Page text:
want to talk me out of it? - Mothering Forums

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#1 of 5 Old 08-01-2003, 04:41 PM - Thread Starter
 
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Hi there. We have one child, currently 3.5 years, and are going to be expanding our family via adoption, probably late this year. We're finalizing paperwork now, and must answer the question about whether we'd consider twins.

Now, if we were to get pg with twins, we'd probably be a bit freaked out but happy, too, and we'd rise to the occasion. You just get what you get, and you find the happiness therein. But it's a somewhat different matter to *choose* a challenging situation, like twins.

The kids will be 4 years apart. What do you all think? Would we be insane to take on twin infants? Would it be too hard on the first child? Should we let some other family, perhaps with much older kids or no kids at all take on this challenge instead of us?

I know this is, on some level, a ridiculous question -- every family is different, and no one can tell us what's right for us -- but you all at least have experience with multiples, so I'd respect anything you had to say on the subject.

Thanks for sharing your experiences!
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#2 of 5 Old 08-01-2003, 06:55 PM
 
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I feel a bit uncomfortable dispensing advice about this, since you are right...the individual family situation is SO important to this question.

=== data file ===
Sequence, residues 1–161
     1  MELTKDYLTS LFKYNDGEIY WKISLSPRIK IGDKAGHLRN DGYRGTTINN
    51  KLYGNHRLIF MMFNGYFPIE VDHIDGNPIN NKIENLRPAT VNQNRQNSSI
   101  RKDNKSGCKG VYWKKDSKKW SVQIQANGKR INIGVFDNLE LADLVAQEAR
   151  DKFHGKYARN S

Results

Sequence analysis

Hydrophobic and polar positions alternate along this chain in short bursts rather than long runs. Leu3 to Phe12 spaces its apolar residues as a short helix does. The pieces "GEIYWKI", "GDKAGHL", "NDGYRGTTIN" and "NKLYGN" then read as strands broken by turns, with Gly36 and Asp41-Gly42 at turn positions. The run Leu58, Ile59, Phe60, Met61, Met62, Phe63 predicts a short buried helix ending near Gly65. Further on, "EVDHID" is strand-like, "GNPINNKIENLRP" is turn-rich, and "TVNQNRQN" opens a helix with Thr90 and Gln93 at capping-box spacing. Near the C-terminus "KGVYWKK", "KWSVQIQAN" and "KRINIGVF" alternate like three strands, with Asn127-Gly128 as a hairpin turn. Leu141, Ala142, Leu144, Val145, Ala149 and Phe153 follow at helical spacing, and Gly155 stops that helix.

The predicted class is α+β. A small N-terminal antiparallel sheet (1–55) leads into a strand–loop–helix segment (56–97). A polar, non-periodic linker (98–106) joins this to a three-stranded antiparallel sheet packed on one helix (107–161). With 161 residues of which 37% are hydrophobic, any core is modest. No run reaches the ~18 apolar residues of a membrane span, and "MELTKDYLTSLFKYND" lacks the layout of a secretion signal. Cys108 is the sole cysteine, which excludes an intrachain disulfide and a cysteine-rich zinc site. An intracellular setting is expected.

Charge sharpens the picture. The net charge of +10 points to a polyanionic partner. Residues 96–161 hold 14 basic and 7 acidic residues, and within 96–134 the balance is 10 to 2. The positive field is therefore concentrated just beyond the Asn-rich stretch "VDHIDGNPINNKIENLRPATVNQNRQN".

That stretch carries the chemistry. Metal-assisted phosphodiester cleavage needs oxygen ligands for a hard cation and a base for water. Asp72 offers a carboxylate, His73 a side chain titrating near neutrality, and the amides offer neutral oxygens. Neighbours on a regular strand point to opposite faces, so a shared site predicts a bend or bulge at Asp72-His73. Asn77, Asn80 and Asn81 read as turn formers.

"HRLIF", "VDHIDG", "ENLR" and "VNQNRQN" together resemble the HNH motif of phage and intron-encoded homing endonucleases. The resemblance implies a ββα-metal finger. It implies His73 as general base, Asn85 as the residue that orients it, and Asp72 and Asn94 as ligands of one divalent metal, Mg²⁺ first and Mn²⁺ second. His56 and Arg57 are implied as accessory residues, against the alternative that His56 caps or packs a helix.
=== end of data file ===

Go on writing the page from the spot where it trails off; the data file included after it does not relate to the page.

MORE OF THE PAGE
However, I'd offer the following up as consideration:

1) How good of an external support system do you have? You *can* do it alone with twins, but if you're given the choice--particularly since you have another child--I don't feel that you should.

2) Have you asked your child how they feel about this? At 4, there will definitely be some opinion one way or the other. I would not say that your kids' opinion should be the deciding factor, but it might help to know an inkling of what you might have to deal with.

3) How important is doing things 'strictly AP' to you? It will be easier to do that with one baby than with two. If having to compromise a bit will cause you a lot of self-doubt and guilt, then that is something to consider too. If you have a more utilitarian view of AP then I think the adjustment is easier. Maybe.

That's all I've got time for at the moment, Tom is making 'I'm going to wake up soon' noises on the bed.
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#3 of 5 Old 08-09-2003, 03:31 AM
 
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My parents didn't adopt twins, but they adopted my two baby brothers at the same time, so our family operated as if we had twins. Twins were always treated as an extremely positive thing in our family anyway. My mom was a twin, her grandma was a twin, and I grew up hearing, "One of you girls will be lucky enough to have twins!" (As it turned out, my sister and I both had twins, 7 weeks apart--and we both thought we were so lucky!) I just remember it being a very happy time with two babies in the family, when my brothers were babies. I don't know how well my mom did, I should ask her.